Lumen prints were some of the earliest forms of photography, known as heliograms. Heliography derives its name from Greek origins - helios, meaning 'sun' and graphein, meaning 'writing.' The process was invented in 1822 by Joseph Nicephore Niepce and based off of the inventions of photolithography (using light to pattern things onto a substrate) and photogravure (an etched copper plate coated with a light-sensitive gelatin tissue exposed to a film positive, used to reproduce detailed continuous tones of a photograph). At its simplest base, a lumen print is produced by placing an object on a sheet of photographic paper (the kind used in a darkroom) and then placed in the sun for a certain amount of time. The density of the object placed on the paper has a lot to do with the resulting pattern. If it is dense and does not allow light to pass through, you will get an outline of the object. If it does allow light to pass through, however, you can often see the intricate details of the object, for example the vein structure in a leaf or petal. I tried various natural items, ranging from onion and garlic skins to flowers to fruits. I was especially intrigued by the citric fruits and what their acidity might do. The most incredible result was from a tomato. The resulting image is so realistic that people often think it is a photograph of the tomato slice itself.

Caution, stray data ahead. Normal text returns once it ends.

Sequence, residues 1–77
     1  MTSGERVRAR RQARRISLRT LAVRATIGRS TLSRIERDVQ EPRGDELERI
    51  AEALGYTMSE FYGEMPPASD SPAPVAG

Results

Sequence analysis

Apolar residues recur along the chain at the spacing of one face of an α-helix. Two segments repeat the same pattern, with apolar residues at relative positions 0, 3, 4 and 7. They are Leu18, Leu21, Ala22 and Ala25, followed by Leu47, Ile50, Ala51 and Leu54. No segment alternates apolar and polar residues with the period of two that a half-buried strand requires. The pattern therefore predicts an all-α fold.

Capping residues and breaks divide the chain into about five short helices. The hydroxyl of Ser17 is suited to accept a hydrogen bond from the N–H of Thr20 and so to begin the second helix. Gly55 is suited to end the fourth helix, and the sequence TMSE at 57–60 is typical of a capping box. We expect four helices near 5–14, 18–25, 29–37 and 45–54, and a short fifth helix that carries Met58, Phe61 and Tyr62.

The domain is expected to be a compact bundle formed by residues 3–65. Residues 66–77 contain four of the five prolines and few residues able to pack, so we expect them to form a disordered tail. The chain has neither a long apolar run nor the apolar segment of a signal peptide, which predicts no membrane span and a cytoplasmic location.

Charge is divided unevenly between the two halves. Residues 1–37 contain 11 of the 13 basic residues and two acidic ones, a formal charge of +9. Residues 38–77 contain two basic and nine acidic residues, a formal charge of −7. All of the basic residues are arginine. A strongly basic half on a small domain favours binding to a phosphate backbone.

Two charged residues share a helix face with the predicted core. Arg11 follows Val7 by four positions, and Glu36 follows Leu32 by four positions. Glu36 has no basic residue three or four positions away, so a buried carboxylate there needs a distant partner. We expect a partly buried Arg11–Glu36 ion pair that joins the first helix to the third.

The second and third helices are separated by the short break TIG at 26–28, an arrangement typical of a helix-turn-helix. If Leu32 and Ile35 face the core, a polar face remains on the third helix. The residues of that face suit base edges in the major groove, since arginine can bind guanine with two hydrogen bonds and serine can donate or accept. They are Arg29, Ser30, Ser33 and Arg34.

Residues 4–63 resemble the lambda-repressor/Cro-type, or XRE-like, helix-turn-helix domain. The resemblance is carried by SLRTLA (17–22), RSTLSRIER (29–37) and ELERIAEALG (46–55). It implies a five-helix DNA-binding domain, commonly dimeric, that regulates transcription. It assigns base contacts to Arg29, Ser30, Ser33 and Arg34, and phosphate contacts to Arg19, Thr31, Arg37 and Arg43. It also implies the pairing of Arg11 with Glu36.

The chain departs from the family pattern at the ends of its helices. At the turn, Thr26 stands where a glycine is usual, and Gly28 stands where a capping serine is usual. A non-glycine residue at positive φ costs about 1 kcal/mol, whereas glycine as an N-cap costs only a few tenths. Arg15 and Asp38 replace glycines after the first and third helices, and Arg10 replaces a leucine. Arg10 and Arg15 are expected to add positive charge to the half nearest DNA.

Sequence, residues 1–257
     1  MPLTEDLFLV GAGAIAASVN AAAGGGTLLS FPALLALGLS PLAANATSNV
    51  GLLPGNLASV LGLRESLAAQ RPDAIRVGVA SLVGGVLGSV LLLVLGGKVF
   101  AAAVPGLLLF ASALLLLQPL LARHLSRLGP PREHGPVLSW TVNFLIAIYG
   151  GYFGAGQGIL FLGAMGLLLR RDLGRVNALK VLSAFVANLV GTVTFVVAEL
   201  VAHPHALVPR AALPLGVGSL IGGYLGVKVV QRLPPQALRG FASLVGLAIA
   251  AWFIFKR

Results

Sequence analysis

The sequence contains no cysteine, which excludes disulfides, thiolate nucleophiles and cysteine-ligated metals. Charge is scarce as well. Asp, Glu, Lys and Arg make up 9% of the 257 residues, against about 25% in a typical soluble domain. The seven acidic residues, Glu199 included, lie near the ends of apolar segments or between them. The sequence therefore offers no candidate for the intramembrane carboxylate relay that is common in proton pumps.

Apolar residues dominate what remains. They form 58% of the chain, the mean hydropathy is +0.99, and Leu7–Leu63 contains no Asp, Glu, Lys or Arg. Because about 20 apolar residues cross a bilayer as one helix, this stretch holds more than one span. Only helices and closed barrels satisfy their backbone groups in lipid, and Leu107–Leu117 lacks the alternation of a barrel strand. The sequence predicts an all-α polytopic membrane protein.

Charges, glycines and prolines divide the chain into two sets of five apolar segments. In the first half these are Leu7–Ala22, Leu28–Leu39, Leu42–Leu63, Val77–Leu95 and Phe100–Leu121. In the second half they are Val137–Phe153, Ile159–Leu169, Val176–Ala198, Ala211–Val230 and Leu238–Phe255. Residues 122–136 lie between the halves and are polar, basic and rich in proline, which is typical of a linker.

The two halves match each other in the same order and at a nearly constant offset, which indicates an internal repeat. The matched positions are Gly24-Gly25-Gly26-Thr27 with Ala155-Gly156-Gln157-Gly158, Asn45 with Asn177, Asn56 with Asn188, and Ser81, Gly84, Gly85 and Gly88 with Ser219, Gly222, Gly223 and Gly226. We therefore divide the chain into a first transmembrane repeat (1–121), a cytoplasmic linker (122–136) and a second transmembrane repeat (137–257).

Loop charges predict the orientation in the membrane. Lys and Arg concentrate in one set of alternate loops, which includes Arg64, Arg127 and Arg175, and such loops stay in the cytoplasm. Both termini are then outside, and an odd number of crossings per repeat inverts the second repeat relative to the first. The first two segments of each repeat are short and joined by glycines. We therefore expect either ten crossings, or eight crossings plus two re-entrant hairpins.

In addition to fruits, vegetables, and plants, I made my first attempts to print a picture. Unfortunately it did not work well because, as I quickly learned, you cannot use an inkjet printer on regular acetate. The ink ends up puddling into small beads and leaves a funky pattern, and never really truly dries. I still attempted prints, though, to see what would happen. I chose a picture of my grandmother Granny and my great-grandmother Nana. Granny's picture was pretty successful, all things considered, but Nana's wasn't simply due to the source imagery.
Granny prints & negatives